Grothe, Selvie & Weather will be a Challenge

PISCATAWAY, N.J. –A third straight season, another critical junction with South Florida on the Scarlet Knights' agenda. This scheduling phenomenon surely has not resulted from luck.

"It's not by coincidence," Rutgers football head coach Greg Schiano told reporters at his weekly press conference Monday. "It's two programs that have been playing some pretty good football over the last couple of years. The way the Big East is structured you usually play your conference games later in the year. So it usually boils down to something, but as I've said they're a very, very good football team."

From a 5-0 start, the Bulls have recently struggled, with losses in three of their last four games. With a 6-3 record, yet 1-3 in the Big East, South Florida holds little room for mistakes.

In the meantime, Rutgers' slow start has seemingly evaporated. Winners of three straight, the Knights are 4-5, but a more respectable 3-2 in the conference.

Despite the recent swings, Schiano will not take the Bulls lightly.

"It's hard to put a finger on it," he said of South Florida's recent woes. "Certainly they had an opportunity to win all those games. They've had a couple guys bumped up, so that could be a factor as well. But I know this football team very well. They're very talented and they're going to be well-rested."

Last season, Rutgers upset No. 2 South Florida 30-27 in "Pandemonium in Piscataway II," ending the Bulls' national title hopes; the Knights extended their undefeated campaign in the 2006 matchup with a 22-20 decision at Raymond James Stadium.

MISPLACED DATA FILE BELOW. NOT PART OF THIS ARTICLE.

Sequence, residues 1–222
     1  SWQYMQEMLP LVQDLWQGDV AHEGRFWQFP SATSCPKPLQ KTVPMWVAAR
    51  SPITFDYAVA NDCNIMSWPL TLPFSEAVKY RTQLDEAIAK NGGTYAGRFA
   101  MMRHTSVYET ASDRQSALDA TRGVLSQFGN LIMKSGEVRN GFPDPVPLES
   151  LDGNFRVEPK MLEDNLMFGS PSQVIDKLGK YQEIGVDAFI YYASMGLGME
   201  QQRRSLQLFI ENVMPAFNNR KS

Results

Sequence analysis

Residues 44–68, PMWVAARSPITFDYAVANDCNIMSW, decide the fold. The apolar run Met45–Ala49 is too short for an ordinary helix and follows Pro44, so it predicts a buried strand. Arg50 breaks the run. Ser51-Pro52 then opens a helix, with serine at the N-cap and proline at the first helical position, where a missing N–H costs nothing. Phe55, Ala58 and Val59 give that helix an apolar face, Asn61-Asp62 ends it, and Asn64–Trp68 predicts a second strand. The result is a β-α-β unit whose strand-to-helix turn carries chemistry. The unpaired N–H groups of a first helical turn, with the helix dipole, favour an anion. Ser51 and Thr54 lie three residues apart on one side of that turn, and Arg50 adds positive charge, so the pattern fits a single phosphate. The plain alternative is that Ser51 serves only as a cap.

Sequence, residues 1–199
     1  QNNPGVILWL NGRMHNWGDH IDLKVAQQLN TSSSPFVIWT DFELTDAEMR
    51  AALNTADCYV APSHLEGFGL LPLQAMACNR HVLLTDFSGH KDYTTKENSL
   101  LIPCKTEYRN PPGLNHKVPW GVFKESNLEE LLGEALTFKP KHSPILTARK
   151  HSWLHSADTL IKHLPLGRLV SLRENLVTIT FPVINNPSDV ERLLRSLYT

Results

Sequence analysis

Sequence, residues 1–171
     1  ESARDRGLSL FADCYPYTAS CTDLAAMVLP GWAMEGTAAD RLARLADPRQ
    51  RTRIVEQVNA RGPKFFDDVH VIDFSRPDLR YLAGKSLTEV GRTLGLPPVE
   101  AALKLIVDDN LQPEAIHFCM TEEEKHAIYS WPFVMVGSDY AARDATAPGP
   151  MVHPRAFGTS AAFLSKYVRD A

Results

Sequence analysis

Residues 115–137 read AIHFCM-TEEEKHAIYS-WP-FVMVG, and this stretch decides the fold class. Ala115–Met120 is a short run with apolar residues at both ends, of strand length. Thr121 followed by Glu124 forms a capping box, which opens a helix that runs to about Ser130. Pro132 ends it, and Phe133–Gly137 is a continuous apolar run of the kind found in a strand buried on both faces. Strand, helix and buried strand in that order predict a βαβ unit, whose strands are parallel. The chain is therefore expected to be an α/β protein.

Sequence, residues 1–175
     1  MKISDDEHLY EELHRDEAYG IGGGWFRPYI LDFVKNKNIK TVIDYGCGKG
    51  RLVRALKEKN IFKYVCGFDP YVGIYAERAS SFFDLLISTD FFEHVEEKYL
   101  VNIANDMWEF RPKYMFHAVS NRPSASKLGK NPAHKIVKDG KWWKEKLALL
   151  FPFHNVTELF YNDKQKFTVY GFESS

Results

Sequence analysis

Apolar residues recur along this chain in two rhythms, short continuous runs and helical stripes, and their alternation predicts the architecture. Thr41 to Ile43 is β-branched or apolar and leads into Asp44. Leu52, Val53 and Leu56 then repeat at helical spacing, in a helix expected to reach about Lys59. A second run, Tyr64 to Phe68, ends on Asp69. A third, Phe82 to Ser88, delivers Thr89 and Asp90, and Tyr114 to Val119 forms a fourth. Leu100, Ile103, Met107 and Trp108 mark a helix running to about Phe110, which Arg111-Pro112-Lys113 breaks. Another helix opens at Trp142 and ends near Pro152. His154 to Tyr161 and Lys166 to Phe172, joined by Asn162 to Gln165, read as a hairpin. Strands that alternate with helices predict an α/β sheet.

Schiano has orchestrated a successful method to contain George Selvie. The fourth-year junior defensive end has managed just five tackles and zero sacks in the last two meetings, coincidentally, both victories by Rutgers.

"It's a big challenge. He's one of the best pass rushers in the country," Schiano said. "So I think it's a huge challenge. There are certain things we can do to help our guys but in the end you just have to block him. We need to be very aware of where he is at all times."

On the offensive side, Matt Grothe handles the quarterbacking responsibilities. An elusive signal caller, he presents another challenge to Rutgers' much improved defense.

"He's one of those guys that coaches always say you're not going to stop him, you just try to contain him," Schiano said. "He's one of those guys for sure. He does some things on video where you sit there and (say) ‘you've got to be kidding me.' He's made people look silly at times scrambling around and you've got to have some way to try to keep him boxed in, which is very hard to do."

Schiano said the team needs to first and foremost prepare for Grothe, who has completed 43 passing touchdowns and rushed for 1,837 yards in his career, and Selvie, who has earned 25 career sacks and 58.5 tackles for a loss.

"I think Matt Grothe and George Selvie are two of the best players in this league, maybe in the country," he said. "It starts there. They're unique players, very, very top-echelon in the country."

Furthermore, while the weather here has slowly dipped into the 50s and 40s, Tampa meteorologists forecast an 80-degree kickoff.

"And then going down there in the time of year where we're maybe not acclimated to the weather, the forecast is supposed to be in the 80s I think," Schiano said.

For an experienced coach like Schiano, who has previously worked in both conditions, he knows it may take more than mental toughness to acclimate.

"I think the temperature can affect your body in a bigger way going from cool to heat because you get gassed," he said. "I think when you have a mentally-tough football team… But if you go down there, you can't just block it out. Your body sweats, you dehydrate."

The unfavorable conditions reminded Schiano of the earlier portion of the season.

"I think we need to make sure we take care of all of our little that we do, like we do early in the season, to make sure we're hydrated," he said. "Because that's all you can do and then you can go play."

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